Clara came across the movie Bag It, a documentary about plastics in the environment. She had the idea to invite her friends over to her house for a potluck and film screening. It turned into a small-scale, zero-waste event similar to Cool Davis Initiative’s larger Y.E.R.T. (Your Environmental Road Trip) film event held last March at the Veteran’s Memorial Theater.
Composting trash cans at Chavez Elementary School
After a very successful year at Chavez Elementary of modeling the city’s business compost pilot, this successful community schools plans to kick off the new year with further reductions in their carbon footprint and help students learn lifelong lessons in “making a difference.”
The inspiration for this program came from Ximena Diez-Jackson, DavisRISE (Recycling is Simply Elementary) Leader at Chavez Elementary. Composting helps increase carbon capture in the soil and reduces methane emissions by having aerobic rather than anerobic decomposition. So composting helps reduce the carbon footprint of each school.
With a team consisting of the principal, aides-titled lunch supervisors, the custodians and 650 students on the campus, they took the business model to heart and reduced their solid waste stream to half of a 32 gallon can. On August 22nd each elementary child will be reminded by their teachers with three simple words: “Remember To Recycle.” Every elementary school site will have the same template at lunch time to make it happen. Read more
Cathy Dycaico, MD, Co-Chair of the Kaiser Permanente Sacramento Green Team, tells the story of how a small group of individuals developed a project at their workplace that is expected to save $1000 per month, reduce related greenhouse gas emissions and has also provided a more attractive environment for everyone.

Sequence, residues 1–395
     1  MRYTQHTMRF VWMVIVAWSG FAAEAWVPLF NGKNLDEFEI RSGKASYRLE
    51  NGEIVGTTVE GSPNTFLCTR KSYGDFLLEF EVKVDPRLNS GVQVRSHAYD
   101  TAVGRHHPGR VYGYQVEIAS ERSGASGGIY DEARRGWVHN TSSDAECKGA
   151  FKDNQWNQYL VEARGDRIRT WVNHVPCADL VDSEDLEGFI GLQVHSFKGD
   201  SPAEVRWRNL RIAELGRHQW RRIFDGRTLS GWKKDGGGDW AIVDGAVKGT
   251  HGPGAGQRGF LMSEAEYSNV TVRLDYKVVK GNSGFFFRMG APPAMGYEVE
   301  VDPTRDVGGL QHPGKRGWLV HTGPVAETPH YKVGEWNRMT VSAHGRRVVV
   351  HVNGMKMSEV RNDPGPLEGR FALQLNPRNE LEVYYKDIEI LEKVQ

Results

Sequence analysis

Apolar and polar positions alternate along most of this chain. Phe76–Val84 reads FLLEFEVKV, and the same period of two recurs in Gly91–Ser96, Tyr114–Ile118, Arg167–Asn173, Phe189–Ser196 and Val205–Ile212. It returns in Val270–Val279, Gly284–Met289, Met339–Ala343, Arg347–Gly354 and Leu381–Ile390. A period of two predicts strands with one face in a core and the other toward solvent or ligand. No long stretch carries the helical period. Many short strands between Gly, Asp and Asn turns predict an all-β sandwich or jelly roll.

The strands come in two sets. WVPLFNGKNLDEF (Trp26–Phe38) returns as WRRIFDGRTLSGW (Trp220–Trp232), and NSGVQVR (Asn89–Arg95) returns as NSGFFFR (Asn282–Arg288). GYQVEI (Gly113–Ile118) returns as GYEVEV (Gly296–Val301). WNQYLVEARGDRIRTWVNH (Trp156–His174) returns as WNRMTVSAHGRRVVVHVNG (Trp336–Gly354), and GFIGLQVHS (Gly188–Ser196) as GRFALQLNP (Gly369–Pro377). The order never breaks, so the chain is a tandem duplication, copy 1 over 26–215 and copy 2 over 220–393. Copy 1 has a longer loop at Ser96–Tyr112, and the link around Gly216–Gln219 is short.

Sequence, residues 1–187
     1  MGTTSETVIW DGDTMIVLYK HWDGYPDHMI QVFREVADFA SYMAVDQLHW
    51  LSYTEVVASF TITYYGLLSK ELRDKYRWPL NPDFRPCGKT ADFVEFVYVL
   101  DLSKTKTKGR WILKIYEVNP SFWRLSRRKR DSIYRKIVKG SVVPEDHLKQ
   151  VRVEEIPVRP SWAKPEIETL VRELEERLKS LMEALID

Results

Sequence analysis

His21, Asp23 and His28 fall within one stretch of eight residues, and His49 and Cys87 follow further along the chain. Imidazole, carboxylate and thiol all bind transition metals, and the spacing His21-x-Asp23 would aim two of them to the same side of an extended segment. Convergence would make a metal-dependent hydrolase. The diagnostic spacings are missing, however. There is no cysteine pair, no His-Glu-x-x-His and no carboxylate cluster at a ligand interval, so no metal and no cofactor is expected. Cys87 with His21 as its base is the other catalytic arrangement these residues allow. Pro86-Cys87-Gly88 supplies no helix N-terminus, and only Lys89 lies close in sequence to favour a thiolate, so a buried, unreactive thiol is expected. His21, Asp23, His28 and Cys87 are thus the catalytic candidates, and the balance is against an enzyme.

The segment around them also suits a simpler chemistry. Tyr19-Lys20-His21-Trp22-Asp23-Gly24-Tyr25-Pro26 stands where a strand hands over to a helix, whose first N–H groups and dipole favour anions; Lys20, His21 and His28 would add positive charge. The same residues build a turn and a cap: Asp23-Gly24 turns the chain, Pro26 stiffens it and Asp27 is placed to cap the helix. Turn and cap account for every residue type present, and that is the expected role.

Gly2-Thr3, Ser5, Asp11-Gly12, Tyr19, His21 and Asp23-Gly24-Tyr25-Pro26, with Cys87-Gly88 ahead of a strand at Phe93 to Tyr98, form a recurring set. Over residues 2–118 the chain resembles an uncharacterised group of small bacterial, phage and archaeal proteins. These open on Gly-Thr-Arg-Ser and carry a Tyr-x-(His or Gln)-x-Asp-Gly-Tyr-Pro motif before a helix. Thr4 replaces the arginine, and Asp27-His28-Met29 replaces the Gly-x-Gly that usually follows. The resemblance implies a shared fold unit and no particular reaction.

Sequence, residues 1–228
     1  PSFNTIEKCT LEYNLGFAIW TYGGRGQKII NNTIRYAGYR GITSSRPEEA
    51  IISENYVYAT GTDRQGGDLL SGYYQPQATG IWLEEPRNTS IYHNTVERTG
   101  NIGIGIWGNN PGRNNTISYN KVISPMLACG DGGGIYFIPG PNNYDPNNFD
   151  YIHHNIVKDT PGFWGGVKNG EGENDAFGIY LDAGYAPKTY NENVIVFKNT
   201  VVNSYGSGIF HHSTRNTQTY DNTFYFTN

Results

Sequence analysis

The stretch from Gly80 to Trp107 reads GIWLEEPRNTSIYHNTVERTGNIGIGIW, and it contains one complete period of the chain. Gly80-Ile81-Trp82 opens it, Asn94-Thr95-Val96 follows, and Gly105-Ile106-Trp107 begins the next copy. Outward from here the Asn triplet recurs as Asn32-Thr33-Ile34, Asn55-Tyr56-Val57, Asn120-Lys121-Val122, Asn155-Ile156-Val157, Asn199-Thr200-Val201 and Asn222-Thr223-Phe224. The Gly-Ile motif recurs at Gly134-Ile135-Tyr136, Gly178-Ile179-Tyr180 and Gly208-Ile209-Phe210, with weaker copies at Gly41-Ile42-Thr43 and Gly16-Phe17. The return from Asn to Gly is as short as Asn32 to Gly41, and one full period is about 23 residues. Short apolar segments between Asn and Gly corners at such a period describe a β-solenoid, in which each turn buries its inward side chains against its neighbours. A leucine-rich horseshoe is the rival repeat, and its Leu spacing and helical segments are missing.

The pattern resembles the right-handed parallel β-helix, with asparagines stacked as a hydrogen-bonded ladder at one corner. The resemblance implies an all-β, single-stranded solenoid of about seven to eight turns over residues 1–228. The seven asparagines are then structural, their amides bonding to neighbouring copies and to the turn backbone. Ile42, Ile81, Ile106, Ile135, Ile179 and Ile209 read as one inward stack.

A significant water-saving landscaping project has been completed at the Kaiser Permanente Medical Office Building in Davis. The project includes a number of strategies for reduced water use and is expected to save approximately $1,000 per month in water costs.
Not only does the project provide water savings, but also a much more attractive and lively appearance for the clinic entrance, trees along the west side of the clinic for shade and interior comfort, and a meandering path to the employee vegetable garden.
This project was born at a monthly meeting of the Kaiser Permanente Green Team, a collaborative of representatives from several departments who meet at our Sacramento Medical Center to share ideas and propose initiatives to reduce our environmental impact.
Cesar Chavez Elementary School students Charlotte Mitchell and Aleta Ballinger-Dickerson recycle their lunch trays after eating at school last week. Sue Cockrell/Enterprise photo
Ximena Jackson, Davis RISE Coordinator tells the inspiring story of how Cesar Chavez Elementary School reduced its waste from 320 gallons per week to around 100 gallons a week in the space of a few months.
Jeff Mailes deadheads some of the marigolds in the Segundo residents garden.
Fifth year UC Davis Senior, Jeff Mailes’ experience with cancer at a young age led him to explore producing organic good food and to promoting sustainability to his fellow students.,